The Race to Find a Target: SPACs After the Boom & Bust
Dear friends and colleagues:
Now that Goldman, Morgan, Millennium, Fidelity, and the rest of Wall Street has shut down our good friend, Mr. SPAC, the sponsors of 220 dry-powder SPACs may have to revert to the “shake n’ bake” move to pull off their acquisitions.
In all seriousness, the pressure is now very high for these newly-minted SPAC IPOs to do a fundamentally sound acquisition. There have only been 9 tech SPAC acquisitions in the last month, which is down significantly from the 24 average of the last three months. We’re now seeing sponsor concessions required on 59% of the 2021 deals and a resounding 15 out of the last 19 deals (79%).
Completed tech SPAC deals are down 20% since the beginning of the year with the speculative EV deals down 49% and likely no longer a welcome proposition for the PIPE investors. The scrutiny by these gatekeeper PIPE investors is at its highest level since the beginning of the SPAC renaissance. To get a deal approved, the target now needs to be fast-growing with stellar product positioning and KPIs, as well as a management team and infrastructure that is ready to deliver and report on a quarterly basis.
Three of the four announced SPAC acquisitions in the last two weeks continued to test the limits for high priced deals with one at 30x revenue, another at 20x, and the third at a lowly 18x revenue multiple. The Grab acquisition was huge at $31B off of a $500M SPAC and a $4B PIPE. That’s 63x acquisition leverage and a 20x revenue multiple for Singapore’s Uber look-alike that’s trading up 27%. Good to see sponsors cutting great deals ☺ . Beyond the sky high valuations, SPAC backers now have to contend with SEC scrutiny on accounting, projections and sponsor incentives. When stocks fall like SPACs have and continue to fall, shareholder lawsuits are sure to follow.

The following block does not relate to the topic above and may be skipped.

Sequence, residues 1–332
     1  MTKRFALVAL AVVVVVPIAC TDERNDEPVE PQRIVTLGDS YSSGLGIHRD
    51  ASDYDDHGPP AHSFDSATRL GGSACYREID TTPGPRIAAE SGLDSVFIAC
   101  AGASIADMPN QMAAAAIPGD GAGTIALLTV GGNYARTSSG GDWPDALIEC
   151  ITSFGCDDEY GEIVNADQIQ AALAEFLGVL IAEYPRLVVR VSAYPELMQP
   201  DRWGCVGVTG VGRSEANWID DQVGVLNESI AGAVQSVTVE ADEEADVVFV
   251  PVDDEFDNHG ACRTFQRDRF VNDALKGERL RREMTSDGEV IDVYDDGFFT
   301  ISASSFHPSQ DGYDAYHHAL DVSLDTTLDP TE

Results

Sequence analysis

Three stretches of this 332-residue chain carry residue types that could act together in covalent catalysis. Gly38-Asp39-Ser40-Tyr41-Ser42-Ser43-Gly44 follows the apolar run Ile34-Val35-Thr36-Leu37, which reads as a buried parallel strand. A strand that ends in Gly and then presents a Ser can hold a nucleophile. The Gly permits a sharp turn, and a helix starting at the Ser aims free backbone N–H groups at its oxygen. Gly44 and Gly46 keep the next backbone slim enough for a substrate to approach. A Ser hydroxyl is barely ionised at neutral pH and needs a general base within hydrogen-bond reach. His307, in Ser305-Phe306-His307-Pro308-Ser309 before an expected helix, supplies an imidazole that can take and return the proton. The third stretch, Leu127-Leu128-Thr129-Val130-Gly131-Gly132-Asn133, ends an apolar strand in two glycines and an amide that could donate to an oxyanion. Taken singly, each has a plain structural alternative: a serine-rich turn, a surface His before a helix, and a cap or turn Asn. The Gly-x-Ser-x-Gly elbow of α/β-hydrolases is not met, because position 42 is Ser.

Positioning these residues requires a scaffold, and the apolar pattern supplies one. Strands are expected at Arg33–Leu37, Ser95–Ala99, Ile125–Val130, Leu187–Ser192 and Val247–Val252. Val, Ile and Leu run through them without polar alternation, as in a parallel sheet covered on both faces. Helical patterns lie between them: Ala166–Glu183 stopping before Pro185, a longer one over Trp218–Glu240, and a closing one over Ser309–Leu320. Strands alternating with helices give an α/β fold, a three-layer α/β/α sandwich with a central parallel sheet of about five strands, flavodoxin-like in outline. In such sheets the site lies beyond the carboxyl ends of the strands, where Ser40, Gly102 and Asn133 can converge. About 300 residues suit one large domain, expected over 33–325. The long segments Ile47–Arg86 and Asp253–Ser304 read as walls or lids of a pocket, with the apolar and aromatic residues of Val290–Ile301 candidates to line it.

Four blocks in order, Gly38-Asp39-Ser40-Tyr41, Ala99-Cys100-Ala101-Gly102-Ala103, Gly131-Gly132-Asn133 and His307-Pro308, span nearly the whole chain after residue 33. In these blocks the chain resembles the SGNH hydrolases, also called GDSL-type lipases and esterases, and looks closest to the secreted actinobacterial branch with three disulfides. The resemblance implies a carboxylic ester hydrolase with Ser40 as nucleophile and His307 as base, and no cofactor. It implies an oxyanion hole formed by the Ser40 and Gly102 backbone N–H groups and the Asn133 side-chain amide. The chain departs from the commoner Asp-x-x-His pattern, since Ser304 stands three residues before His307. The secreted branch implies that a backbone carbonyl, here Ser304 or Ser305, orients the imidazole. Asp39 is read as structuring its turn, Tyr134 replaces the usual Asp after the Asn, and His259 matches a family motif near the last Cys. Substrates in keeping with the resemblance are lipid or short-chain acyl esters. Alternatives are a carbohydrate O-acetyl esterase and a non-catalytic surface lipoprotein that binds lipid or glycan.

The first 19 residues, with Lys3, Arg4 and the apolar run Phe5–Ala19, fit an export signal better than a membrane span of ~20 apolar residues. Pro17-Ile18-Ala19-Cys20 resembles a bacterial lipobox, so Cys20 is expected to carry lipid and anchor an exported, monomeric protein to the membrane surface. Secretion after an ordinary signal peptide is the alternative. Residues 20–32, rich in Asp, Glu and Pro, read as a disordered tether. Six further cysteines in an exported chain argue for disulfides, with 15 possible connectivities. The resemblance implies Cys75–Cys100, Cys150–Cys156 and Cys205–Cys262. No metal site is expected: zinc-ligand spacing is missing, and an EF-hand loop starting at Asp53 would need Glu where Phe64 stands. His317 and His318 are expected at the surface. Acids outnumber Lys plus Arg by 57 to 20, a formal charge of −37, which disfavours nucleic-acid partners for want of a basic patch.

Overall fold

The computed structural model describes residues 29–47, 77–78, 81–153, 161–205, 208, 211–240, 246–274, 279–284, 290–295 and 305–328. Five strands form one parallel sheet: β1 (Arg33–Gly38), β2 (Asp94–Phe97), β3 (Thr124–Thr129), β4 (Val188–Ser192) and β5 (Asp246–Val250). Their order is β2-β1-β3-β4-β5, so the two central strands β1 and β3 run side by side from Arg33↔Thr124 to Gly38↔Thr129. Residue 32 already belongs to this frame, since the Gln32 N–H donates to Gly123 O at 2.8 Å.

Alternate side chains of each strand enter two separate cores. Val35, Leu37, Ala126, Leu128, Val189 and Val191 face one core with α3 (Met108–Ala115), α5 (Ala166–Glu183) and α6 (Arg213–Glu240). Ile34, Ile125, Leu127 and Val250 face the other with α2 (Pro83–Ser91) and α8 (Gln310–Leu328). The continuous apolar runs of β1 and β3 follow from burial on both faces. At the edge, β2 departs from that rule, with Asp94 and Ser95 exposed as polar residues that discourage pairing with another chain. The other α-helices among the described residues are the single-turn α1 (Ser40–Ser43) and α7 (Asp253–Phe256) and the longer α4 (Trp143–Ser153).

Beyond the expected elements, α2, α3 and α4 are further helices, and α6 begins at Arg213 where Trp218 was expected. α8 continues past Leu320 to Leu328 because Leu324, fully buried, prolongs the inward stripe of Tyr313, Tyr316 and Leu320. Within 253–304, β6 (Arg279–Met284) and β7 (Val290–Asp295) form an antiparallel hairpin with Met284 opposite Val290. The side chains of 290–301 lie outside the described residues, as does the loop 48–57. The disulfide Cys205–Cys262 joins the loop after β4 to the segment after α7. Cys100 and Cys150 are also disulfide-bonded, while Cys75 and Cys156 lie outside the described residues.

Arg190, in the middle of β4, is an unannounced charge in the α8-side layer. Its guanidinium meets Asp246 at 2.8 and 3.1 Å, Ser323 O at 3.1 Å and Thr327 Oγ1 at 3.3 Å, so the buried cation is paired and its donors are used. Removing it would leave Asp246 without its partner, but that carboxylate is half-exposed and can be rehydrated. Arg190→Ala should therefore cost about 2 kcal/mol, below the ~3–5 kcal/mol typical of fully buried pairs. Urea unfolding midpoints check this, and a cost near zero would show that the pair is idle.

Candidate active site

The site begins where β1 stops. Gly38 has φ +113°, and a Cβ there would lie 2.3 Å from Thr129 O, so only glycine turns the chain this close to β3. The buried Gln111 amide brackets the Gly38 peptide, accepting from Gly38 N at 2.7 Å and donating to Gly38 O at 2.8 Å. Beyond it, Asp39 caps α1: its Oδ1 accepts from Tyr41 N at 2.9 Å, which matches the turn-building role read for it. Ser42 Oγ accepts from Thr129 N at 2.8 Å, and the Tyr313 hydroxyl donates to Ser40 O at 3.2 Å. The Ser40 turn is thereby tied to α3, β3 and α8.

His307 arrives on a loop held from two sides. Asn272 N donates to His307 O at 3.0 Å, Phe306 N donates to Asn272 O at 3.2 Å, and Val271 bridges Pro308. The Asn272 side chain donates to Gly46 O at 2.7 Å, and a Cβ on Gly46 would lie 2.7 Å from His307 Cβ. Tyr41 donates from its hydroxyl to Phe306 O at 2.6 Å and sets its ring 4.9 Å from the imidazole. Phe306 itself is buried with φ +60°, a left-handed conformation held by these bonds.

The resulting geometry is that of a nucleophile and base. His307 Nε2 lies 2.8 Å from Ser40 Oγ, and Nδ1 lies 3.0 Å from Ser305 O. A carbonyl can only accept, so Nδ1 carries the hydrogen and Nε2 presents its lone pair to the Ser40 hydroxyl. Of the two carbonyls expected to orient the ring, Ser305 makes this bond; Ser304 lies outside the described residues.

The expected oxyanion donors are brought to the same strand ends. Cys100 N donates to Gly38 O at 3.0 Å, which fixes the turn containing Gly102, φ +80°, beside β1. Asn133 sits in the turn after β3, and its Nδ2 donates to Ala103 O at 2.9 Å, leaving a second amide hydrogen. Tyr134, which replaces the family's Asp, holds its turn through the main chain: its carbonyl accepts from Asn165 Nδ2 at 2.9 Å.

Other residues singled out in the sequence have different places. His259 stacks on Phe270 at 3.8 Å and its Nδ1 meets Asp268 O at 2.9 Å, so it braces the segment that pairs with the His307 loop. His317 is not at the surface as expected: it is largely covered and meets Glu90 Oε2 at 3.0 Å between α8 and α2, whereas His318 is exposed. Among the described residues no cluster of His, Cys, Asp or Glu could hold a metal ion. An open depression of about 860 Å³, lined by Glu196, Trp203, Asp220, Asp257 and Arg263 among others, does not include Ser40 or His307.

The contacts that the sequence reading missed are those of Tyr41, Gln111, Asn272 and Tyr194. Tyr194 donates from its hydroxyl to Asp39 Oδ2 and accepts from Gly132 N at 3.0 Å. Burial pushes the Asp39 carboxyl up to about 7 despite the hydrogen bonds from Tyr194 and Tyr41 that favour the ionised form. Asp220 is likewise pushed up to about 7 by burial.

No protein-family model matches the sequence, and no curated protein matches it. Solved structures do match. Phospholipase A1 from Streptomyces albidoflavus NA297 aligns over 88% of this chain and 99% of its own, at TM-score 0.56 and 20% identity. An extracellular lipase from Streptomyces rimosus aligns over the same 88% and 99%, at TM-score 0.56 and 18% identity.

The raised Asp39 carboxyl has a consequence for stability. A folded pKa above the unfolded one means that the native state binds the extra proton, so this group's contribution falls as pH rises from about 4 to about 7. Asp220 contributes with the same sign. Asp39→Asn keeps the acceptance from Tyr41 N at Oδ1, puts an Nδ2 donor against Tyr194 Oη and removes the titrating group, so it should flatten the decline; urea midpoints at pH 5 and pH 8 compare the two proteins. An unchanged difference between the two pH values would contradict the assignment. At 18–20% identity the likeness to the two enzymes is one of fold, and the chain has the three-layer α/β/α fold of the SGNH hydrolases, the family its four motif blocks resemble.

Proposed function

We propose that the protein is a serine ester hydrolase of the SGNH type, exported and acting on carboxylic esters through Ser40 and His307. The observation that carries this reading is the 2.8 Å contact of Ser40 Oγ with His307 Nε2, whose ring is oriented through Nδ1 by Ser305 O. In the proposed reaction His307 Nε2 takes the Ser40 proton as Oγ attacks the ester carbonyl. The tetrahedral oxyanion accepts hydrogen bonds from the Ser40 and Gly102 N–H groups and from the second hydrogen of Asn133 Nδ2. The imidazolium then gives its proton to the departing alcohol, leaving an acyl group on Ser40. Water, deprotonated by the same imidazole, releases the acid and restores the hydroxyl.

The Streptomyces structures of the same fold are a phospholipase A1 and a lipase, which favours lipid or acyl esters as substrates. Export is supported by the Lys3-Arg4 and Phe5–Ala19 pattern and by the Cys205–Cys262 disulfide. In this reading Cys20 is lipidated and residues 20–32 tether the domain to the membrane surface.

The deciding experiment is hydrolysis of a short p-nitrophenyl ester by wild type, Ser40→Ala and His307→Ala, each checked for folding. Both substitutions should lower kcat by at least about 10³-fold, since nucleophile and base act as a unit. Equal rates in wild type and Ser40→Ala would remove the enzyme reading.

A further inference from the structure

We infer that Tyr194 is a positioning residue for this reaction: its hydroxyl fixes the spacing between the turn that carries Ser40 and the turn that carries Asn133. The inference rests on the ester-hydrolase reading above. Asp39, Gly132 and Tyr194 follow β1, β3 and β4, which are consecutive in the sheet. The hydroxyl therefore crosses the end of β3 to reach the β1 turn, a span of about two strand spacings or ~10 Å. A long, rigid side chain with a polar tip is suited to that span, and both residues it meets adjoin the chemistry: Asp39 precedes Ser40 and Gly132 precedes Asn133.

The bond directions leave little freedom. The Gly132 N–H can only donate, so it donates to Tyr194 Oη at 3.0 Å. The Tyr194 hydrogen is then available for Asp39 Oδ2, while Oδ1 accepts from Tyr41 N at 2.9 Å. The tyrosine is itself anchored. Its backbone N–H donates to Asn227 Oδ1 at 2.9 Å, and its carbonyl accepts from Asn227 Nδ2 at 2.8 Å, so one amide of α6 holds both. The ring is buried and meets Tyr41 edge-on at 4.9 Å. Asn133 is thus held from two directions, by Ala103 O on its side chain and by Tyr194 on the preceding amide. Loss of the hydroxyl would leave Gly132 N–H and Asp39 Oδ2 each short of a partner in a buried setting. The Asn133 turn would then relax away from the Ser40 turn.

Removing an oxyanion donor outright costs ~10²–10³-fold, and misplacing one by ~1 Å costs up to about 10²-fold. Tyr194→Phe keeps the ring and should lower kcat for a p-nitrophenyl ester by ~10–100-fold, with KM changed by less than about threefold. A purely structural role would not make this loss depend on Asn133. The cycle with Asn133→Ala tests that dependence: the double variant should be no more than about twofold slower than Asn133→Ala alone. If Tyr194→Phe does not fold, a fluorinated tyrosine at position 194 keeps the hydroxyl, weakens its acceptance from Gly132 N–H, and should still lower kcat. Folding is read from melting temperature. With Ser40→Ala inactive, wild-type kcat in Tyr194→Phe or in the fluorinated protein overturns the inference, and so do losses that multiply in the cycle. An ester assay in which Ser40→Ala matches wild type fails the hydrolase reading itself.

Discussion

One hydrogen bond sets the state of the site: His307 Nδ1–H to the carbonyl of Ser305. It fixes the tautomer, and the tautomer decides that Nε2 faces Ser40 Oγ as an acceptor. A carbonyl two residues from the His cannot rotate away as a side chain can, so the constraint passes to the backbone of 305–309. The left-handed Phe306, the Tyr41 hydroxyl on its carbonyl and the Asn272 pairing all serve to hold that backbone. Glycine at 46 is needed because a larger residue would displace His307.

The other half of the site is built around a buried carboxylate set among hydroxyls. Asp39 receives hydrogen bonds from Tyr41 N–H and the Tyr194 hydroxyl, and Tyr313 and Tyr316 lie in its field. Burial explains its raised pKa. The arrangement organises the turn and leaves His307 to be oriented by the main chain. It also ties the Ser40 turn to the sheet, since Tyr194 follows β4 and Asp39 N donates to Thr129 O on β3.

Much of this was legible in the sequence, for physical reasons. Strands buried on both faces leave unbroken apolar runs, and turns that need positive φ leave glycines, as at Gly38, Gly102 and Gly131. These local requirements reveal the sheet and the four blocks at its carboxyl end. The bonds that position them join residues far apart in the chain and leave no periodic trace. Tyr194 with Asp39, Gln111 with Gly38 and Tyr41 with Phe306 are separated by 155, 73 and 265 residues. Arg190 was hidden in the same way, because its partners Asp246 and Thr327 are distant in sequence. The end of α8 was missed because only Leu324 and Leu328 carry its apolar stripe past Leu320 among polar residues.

As new frontiers in SPAC land are explored, there will continue to be turmoil and re-calibration before more refined and predictable ground rules take hold. Don’t hold your breath though. We still have to see how the 123 closed and announced SPAC deals perform as young public companies and how the 220 dry powder tech SPACs unload their $500B+ in purchasing power.
Please feel free to reach out with any questions or comments.